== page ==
The last decade has seen a shift from colorimetric stains to the use of fluorescent labels and stains. However, colorimetric staining is still widely used to verify and evaluate the efficiency of transfer of proteins from gels to membranes. Generally, colorimetric staining methods have a narrower dynamic range and more variability in the specificity with which the stain binds to different proteins. The use of fluorescent stains and labels, in combination with advanced imaging devices, allows for a much broader dynamic range and more sensitive detection when compared to traditional colorimetric staining methods. Fluorescent stains and labels such as Deep Purple Total Protein Stain and CyDye™ Fluors have become essential tools for the analysis of proteins. The potential of fluorescent technologies in multiplexing applications (the simultaneous use of two or more labels directed against different targets in the same sample) makes it the technology of choice in several situations. Fluorescent labeling of specific proteins has allowed scientists to localize subcellular structures or to identify multiple protein targets on a single blot, even if they have identical molecular weights. Green fluorescent protein (GFP), first isolated from the jellyfish Aequorea victoria, emits bright green light when exposed to blue light. Importantly, GFP is not toxic when illuminated in living cells and has become an important tool for in vivo analysis. Through cloning and genetic modification, a wide variety of GFP derivatives are in use today. It is widely used as a reporter for gene expression of fusion proteins and in the study of gene regulation in living organisms.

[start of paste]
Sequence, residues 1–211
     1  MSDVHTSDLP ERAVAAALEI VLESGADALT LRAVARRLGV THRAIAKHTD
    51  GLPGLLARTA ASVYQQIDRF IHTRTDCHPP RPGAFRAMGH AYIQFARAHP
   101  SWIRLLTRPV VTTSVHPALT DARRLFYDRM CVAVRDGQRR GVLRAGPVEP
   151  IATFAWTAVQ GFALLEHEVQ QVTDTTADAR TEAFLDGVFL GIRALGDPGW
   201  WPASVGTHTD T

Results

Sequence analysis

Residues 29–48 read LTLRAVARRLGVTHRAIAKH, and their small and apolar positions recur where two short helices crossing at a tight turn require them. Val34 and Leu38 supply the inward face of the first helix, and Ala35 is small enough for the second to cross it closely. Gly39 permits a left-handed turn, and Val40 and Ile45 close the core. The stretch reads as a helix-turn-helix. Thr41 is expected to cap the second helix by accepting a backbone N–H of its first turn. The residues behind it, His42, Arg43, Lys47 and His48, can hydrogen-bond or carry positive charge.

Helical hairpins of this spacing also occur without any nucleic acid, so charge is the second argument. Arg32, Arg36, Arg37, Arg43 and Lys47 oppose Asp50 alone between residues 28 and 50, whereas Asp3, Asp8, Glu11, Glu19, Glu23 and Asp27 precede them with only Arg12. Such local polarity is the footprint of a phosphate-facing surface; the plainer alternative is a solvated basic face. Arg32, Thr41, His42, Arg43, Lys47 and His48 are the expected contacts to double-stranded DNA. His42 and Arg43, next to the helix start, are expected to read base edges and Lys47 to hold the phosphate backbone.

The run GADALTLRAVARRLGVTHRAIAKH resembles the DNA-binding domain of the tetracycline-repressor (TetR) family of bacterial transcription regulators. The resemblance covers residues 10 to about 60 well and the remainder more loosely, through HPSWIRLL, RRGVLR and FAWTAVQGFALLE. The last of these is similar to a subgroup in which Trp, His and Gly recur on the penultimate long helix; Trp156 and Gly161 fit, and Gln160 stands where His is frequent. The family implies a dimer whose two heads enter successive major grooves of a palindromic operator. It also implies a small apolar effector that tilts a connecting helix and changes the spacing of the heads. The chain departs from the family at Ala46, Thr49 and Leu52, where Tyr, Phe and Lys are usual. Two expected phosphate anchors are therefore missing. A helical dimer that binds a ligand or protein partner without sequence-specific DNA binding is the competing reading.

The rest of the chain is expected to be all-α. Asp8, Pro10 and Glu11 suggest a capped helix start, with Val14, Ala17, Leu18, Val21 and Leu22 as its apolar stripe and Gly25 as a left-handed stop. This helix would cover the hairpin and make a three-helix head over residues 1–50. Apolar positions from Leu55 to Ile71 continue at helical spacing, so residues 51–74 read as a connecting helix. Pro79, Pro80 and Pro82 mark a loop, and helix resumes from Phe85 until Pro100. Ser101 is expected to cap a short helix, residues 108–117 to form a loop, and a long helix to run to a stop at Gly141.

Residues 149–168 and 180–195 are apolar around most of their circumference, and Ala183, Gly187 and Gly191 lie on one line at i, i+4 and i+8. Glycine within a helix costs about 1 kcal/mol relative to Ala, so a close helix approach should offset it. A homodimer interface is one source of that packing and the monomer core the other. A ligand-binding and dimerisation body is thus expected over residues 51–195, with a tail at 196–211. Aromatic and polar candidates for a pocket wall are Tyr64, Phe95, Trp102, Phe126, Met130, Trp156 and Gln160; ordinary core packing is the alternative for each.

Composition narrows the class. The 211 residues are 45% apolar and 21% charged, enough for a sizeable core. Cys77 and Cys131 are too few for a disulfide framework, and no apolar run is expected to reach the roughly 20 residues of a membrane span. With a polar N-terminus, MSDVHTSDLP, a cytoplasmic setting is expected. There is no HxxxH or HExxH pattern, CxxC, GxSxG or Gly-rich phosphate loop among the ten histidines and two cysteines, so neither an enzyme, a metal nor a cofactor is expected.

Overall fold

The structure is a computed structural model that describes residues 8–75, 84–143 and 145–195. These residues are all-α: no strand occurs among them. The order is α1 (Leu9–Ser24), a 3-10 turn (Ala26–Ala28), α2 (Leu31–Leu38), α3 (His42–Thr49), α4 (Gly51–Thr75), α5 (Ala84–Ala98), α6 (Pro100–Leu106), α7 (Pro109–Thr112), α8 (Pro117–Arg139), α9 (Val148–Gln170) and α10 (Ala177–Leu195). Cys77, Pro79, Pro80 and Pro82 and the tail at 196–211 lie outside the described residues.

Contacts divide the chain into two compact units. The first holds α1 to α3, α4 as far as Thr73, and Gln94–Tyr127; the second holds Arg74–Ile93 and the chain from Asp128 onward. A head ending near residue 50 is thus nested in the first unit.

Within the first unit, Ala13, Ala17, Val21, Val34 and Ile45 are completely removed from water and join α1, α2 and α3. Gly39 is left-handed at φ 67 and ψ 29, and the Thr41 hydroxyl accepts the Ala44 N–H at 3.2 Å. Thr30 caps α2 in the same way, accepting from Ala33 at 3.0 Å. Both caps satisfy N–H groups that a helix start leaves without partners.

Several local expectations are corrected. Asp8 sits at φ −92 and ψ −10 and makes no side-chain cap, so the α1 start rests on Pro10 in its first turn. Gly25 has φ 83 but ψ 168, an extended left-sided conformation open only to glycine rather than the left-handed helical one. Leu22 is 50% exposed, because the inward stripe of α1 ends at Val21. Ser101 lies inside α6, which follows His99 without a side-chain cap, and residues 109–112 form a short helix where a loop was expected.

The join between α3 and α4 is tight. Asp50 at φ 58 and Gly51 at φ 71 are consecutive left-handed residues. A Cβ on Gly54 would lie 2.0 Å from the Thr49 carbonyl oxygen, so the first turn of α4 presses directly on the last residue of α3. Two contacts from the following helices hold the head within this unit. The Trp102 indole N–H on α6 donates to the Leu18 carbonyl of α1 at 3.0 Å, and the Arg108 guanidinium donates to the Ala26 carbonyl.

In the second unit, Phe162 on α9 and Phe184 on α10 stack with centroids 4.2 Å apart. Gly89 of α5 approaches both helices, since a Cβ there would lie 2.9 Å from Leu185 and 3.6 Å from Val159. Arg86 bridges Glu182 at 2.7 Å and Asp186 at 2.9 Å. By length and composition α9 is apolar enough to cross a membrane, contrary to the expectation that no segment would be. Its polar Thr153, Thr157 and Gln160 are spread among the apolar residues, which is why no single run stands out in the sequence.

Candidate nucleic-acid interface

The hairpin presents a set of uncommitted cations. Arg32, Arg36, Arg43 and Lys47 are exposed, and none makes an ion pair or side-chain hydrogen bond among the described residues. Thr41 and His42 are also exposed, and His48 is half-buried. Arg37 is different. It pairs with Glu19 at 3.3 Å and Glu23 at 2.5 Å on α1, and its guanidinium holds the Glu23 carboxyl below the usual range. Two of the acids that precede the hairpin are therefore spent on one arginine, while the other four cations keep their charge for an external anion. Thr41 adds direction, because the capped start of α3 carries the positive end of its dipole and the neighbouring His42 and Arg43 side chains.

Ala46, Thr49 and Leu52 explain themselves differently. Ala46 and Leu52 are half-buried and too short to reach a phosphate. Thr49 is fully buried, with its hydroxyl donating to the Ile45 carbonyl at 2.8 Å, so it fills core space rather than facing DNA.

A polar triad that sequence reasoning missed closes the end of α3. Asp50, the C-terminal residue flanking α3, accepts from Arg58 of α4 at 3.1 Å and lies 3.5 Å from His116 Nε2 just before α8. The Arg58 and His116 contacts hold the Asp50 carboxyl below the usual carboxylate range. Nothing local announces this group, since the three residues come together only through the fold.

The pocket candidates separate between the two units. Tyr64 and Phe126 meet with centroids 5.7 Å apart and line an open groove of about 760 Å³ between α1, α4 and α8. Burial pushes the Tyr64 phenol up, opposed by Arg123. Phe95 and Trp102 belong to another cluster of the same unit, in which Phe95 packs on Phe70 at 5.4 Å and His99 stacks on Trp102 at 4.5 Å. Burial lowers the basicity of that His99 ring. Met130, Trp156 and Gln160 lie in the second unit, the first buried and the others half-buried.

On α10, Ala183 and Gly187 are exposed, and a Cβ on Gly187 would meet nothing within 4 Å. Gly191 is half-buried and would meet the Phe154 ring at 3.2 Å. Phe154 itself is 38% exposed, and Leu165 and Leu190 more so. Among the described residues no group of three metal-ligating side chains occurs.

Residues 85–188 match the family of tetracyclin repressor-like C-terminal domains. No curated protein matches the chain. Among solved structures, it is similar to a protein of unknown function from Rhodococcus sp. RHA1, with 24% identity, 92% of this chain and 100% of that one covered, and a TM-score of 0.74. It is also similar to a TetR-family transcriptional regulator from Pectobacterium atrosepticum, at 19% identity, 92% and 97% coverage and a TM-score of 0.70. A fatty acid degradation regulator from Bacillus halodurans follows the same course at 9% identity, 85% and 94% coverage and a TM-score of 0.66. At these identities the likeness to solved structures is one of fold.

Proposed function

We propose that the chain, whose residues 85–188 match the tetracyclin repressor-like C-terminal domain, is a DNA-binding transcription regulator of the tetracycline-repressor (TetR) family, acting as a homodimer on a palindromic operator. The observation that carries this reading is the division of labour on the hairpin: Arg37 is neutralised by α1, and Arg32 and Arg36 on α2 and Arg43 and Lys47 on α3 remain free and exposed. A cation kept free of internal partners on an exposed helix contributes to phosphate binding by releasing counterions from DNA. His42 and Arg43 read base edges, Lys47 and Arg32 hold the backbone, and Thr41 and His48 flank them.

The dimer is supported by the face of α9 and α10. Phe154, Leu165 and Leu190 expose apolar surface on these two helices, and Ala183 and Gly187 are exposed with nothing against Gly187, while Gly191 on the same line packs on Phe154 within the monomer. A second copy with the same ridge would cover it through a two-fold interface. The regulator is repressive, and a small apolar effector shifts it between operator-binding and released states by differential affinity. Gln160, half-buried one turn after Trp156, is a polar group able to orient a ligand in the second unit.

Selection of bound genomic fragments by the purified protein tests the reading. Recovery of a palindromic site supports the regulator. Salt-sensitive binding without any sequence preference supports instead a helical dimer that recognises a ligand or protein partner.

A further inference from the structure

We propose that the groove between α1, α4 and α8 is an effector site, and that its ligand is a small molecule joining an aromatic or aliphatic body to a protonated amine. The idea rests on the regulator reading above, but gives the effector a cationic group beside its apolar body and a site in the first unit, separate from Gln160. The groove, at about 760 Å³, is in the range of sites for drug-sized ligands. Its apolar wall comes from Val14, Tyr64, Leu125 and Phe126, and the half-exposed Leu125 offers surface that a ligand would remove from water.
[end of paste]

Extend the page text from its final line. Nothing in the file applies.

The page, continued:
In 1975, the British biologist, Edwin Southern, pioneered the use of isotope-labeled nucleotides for detection of specific DNA sequences. This technique to transfer DNA fragments from an agarose gel to a membrane, known as Southern blotting, opened the way for other blotting techniques based on electrophoresis, such as Northern blotting for RNA in 1977 and Western blotting (also known as immunoblotting) for the transfer of proteins.
The name “Western blot” was given to the technique by W. Neal Burnette in 1981, although the method was introduced in 1979 by Harry Towbin and colleagues. To this day, Western blotting remains one of the most powerful methods for the separation and quantitation of proteins, although radioisotopes have lost their position as the principle technology for labeling and detection to safer, cheaper, and more effective antibody labeling and light-emitting technologies.
Depending on experimental needs many options are available for luminescent labeling and detection of biomolecules. Chemiluminescent or enhanced chemiluminescent (ECL) systems now deliver high sensitivity for solution or blot-based assays. Amersham™ ECL™ was the world’s first commercially available non-radioactive method for detecting proteins, and nucleic acids enabling detection of minute quantities of a specific protein, based on a signal proportional to the amount of protein present over a wide range of concentrations.
Bioluminescence is an aspect of chemiluminescence in which living organisms, such as fireflies, create their own light when an enzyme acts on a chemical substrate. This application has grown considerably over the past decade as the traditional use of reporter genes has enabled the production of proteins with a bioluminescent tag. While a chemiluminescent system must be assayed in vitro, bioluminescent systems allow biological mechanisms to be visualized and assayed in vivo.
For more information around the application and types of advanced molecular imaging and detection systems, click here.